Festive Season Health
The festive season is now upon us and that generally means an increase in social engagements. While for most of us this is a fun time of year, it can also result in health issues such as sluggishness, weight gain and fatigue. So let’s look at what goes on and how we can stay healthy during the Christmas and New Year period.
Alcohol is certainly the first thing most people think of when they think of the ‘silly season’. Most of us know that alcohol and our livers are not good friends. In fact, alcohol consumption can affect many different systems not just the liver. Alcohol directly damages the stomach wall causing inflammation and alcohol is also a nervous system depressant, which can lead to mood change, irritability and depression – especially over time or with excess consumption.
The amount of alcohol that a person can safely consume is highly individual, depending on age, sex, weight and family history. So the festive message is to be mindful of the affects that alcohol has on your body and take it easy. Pace yourself with drinks (no more than one per hour) and drink hydrating water in between alcoholic drinks to avoid dehydration which is the major cause of hangovers. You can easily make festive non-alcoholic drinks with plain mineral water by adding lime, mint and berries. Alcohol is rapidly absorbed on an empty stomach, so be sure to always eat something when you are having a drink. Women who are pregnant or planning to get pregnant should completely avoid alcohol. Supplementing with a multivitamin that contains good amounts of B vitamins is also a good idea to support your health especially at this time of year.
With all the socialising that comes with the festive season, many people not only drink too much but often end up eating too much food and more of the wrong kinds of food. Finger foods at functions are often high in refined flour products and sugar and may be cooked in trans fats. Try to avoid foods with artificial flavours, colours and preservatives which stress the liver and kidneys. Choose where possible healthy options such as raw vegies with dips, cheese, wholemeal pitta breads, succhi, fruit platters and nuts. Avoid over eating by not eating lots of nibbles before dinner. When planning your menus think about choosing lighter alternatives such as fresh seafood, salads, fruit and cheese instead of a hot, traditional festive lunch or dinner. Also try to keep up your exercise routine, and think of swimming when the weather is too hot for other exercise.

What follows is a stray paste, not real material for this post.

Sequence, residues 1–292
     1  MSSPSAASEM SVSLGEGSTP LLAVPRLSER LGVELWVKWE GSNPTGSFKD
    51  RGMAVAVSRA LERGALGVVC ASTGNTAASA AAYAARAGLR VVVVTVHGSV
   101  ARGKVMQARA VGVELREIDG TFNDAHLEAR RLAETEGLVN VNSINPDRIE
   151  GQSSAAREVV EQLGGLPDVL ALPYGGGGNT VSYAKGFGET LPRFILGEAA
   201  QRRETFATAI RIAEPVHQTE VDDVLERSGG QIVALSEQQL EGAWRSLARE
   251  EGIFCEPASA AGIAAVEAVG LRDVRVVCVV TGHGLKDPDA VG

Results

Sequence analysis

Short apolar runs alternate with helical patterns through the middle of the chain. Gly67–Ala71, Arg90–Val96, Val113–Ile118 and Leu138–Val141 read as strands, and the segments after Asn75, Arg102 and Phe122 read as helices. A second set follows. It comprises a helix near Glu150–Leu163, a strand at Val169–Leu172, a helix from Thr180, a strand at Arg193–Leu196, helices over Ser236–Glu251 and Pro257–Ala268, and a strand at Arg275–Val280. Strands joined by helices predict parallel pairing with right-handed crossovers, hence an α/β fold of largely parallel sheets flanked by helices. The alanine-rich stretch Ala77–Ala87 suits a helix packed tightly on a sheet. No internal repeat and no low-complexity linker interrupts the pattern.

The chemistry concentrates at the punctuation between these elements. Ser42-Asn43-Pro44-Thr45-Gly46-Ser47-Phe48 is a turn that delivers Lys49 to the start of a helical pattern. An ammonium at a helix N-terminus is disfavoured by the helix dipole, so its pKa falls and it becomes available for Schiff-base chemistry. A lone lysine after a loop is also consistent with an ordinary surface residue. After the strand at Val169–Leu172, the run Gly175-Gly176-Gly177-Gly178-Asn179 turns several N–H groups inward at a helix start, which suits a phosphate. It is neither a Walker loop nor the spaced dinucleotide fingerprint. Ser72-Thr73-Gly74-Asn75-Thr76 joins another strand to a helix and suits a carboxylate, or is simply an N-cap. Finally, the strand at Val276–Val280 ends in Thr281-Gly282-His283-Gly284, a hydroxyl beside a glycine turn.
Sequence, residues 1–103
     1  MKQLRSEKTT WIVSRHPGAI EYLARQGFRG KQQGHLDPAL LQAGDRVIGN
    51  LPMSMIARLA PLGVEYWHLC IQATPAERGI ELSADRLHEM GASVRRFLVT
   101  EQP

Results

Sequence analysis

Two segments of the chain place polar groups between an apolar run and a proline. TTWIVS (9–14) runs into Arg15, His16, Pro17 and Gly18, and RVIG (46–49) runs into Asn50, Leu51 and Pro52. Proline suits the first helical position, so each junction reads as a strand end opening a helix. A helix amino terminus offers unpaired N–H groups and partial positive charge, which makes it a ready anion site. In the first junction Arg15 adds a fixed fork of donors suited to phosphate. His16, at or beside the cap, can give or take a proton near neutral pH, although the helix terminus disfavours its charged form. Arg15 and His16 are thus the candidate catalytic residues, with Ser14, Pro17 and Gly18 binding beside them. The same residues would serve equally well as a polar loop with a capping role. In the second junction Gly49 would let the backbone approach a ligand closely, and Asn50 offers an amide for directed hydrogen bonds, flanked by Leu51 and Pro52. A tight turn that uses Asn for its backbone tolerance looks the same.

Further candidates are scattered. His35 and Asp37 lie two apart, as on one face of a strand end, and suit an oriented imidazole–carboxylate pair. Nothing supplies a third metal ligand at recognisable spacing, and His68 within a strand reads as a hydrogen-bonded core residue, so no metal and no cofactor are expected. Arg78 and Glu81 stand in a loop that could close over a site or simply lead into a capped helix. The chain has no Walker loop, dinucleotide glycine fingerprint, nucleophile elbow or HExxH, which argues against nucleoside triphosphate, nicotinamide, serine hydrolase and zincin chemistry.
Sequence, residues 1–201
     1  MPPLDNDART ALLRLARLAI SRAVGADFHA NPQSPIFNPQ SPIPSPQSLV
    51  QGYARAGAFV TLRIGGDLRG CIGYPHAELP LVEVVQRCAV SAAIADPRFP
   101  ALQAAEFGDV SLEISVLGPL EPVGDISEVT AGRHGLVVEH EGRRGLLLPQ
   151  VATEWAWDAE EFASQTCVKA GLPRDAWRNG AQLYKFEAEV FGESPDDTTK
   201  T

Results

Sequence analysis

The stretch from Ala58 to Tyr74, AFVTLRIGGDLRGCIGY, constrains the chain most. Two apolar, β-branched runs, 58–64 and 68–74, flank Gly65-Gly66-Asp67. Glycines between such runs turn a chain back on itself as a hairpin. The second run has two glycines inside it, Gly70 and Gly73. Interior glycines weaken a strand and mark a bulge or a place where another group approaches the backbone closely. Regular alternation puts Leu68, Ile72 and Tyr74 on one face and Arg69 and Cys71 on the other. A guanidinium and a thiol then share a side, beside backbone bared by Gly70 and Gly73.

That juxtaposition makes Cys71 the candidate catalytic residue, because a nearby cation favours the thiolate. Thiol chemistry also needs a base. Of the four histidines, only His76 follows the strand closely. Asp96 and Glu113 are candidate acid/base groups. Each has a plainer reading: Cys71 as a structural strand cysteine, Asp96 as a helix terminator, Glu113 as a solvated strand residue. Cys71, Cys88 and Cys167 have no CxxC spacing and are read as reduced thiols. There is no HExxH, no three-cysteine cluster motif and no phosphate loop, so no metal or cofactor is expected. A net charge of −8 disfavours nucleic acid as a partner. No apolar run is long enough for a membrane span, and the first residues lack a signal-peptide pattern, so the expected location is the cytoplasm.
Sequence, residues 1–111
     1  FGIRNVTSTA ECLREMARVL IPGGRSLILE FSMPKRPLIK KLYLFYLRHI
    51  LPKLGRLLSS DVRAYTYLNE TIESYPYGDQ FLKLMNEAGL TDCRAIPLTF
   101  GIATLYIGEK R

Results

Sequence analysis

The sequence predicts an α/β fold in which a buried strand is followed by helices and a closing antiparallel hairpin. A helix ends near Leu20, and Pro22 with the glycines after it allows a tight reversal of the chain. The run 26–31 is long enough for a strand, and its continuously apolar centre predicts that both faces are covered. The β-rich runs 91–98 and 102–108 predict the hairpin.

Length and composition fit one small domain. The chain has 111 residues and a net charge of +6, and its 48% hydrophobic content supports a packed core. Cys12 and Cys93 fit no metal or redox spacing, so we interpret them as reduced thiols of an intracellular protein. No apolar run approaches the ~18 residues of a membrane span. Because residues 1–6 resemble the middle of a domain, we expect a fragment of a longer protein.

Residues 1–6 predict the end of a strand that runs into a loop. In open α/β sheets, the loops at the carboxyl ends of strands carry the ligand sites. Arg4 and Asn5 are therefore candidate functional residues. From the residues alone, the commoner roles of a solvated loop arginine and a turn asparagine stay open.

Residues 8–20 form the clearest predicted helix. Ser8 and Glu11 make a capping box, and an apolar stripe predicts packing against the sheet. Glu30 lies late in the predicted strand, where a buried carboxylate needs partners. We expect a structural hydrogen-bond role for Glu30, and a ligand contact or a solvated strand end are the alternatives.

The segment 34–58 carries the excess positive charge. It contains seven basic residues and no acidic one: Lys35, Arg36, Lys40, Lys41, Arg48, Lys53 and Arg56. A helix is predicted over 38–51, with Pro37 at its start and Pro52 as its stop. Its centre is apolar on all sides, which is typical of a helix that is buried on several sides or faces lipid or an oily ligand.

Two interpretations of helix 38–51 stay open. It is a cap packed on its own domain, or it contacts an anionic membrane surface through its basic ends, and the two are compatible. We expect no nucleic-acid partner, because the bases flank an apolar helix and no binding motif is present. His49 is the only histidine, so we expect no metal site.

Many of my patients find the festive season very stressful emotionally. Some people are not close or compatible with their family and find getting together very difficult. While others might feel lonely spending Christmas miles away from their family. Regardless of our situation, nearly everyone gets a bit overwhelmed with the sheer busyness of the festive season. However, we can approach Christmas with a different attitude and take time out for ourselves to reflect on the year, our friends and family. This is particularly helpful with children who can get too easily caught up with the commercialism of the season.
Remember what the underlying meaning of this time of year is and seek to be more peaceful and content with simple pleasures. We are lucky enough to live in a beautiful natural environment – so connecting to nature through the sea or the bush can bring much needed peace. Try not to fill the social calendar to capacity, allow some time for a quiet night or day. Lastly, it is essential to try and get good quality and sufficient sleep as this will help recharge your batteries. This might even mean taking a siesta – something we shouldn’t feel guilty about at this time of year!